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The National Museum of San Martino is housed inside the Certosa di San Martino. It presents evidence of the history of Naples from the Bourbon era to the post-unification period.

From Brundarte - http://www.brundarte.it
The nativity scene section, located in the area where the kitchens of the ancient Certosa were, revolves around the grandiose Cuciniello nativity scene, certainly the most famous eighteenth-century nativity scene in Naples of the type defined as "cultured", also well known abroad. Today it occupies an entire room dedicated to him and is undoubtedly a true masterpiece of Neapolitan nativity scene art.

From Wikipedia - The museum is made up of numerous sections housed in different rooms of the charterhouse, including in the rooms of the Prior's Quarter, in the pharmacy, in the refectory, in the cells of the Carthusians, in the ancient guesthouse or in some rooms on the second floor of the cloister great. The museum sections are: the Carriage Hall, the naval section, the Orilia collection, the Charterhouse Picture Gallery (inside the rooms of the Prior's Quarter, with pictorial and sculptural works already from the ancient picture gallery or in any case coming from the religious complex) , the nativity scene section, the Opera museum (inside the rooms on the ground floor of the large cloister), the section of memories and images of the city (on the ground floor and first floor of the large cloister), the decorated arts section and the theatrical one (both on the first floor of the charterhouse), the Rotondo collection (in the rooms overlooking the internal courtyard) and finally the Prints and Drawings Cabinet (on the first floor of the building)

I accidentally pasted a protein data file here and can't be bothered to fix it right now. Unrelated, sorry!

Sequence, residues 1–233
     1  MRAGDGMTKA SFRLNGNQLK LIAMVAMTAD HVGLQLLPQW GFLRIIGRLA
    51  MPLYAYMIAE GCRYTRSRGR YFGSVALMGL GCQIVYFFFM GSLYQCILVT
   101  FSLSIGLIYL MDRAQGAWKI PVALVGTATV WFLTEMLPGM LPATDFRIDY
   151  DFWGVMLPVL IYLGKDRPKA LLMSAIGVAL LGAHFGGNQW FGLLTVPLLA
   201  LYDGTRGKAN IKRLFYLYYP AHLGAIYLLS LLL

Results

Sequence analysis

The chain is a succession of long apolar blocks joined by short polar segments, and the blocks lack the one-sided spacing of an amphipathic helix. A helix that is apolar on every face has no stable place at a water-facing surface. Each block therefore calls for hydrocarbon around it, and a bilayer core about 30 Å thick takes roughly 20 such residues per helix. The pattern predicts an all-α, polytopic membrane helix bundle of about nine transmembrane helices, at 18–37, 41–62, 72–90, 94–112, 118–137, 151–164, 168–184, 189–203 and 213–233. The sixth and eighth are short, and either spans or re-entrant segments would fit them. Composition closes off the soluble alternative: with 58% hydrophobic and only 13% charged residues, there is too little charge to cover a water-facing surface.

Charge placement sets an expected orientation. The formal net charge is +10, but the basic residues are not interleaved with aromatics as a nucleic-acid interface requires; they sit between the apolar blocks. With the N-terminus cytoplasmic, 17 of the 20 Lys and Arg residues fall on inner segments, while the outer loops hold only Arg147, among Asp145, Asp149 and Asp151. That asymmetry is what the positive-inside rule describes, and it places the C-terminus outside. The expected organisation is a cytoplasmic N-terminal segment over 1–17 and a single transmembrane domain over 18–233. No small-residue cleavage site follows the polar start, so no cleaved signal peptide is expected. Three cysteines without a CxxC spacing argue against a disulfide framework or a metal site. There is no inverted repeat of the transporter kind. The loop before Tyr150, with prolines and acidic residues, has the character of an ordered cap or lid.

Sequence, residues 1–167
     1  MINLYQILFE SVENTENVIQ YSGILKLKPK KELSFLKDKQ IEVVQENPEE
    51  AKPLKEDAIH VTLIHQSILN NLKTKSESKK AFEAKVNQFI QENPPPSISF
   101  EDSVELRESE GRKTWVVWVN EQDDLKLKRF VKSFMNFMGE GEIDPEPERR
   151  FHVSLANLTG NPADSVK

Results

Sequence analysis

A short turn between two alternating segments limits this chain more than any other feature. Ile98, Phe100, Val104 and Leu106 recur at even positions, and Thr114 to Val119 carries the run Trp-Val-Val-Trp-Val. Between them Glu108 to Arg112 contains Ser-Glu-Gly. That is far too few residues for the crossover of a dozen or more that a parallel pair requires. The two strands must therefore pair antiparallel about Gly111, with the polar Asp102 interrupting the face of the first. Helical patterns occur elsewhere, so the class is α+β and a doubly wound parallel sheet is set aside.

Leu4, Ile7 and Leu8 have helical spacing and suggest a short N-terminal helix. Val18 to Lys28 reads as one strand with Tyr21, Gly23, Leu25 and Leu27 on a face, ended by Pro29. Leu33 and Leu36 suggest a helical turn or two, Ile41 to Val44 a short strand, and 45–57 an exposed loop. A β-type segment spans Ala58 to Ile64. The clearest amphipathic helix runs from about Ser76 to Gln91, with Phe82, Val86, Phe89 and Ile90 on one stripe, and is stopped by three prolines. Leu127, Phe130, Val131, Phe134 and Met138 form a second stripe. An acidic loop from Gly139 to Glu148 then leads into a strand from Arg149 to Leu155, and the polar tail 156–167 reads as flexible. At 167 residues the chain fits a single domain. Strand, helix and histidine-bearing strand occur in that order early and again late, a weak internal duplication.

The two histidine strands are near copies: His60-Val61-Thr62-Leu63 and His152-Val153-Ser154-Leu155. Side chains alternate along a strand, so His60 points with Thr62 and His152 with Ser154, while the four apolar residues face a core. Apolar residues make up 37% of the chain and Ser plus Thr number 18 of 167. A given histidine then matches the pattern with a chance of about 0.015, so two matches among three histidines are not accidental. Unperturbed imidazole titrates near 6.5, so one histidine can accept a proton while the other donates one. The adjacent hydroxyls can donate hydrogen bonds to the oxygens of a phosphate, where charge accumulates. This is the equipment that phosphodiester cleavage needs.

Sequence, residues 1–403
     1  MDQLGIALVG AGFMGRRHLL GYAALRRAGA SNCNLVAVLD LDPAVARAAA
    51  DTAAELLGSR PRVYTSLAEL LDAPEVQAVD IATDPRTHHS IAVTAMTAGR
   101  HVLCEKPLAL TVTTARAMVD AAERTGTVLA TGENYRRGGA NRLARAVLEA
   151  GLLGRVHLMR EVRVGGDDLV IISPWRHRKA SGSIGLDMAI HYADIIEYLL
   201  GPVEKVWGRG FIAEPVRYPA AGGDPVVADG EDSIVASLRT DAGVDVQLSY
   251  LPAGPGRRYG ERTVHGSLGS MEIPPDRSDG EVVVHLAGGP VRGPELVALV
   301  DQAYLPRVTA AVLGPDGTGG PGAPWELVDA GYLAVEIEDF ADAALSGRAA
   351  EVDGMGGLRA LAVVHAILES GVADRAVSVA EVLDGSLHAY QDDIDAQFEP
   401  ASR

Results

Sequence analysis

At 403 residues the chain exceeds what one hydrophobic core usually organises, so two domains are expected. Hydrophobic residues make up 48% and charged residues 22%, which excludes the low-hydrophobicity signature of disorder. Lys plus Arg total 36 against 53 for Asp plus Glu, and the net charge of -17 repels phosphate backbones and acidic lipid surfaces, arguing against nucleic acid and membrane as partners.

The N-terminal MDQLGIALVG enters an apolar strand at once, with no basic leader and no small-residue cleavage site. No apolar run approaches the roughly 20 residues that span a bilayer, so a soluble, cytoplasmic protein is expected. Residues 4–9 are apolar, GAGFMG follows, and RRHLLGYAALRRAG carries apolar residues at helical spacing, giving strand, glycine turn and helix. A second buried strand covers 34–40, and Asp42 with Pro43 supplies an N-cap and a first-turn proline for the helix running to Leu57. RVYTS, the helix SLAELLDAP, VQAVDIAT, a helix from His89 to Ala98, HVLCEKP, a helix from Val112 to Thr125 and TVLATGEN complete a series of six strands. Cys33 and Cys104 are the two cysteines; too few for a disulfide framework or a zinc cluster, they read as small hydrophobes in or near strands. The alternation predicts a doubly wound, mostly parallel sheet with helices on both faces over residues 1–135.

Foto Di Lalupa - Opera propria, CC BY-SA 3.0, commons.wikimedia.org

The Certosa di San Martino and Castel Sant'elmo dominate Naples from the Vomero hill. From the lookout in front you can enjoy a breathtaking view

Foto Di Pietro Scerrato, CC BY 3.0, commons.wikimedia.org

Via San Gregorio Armeno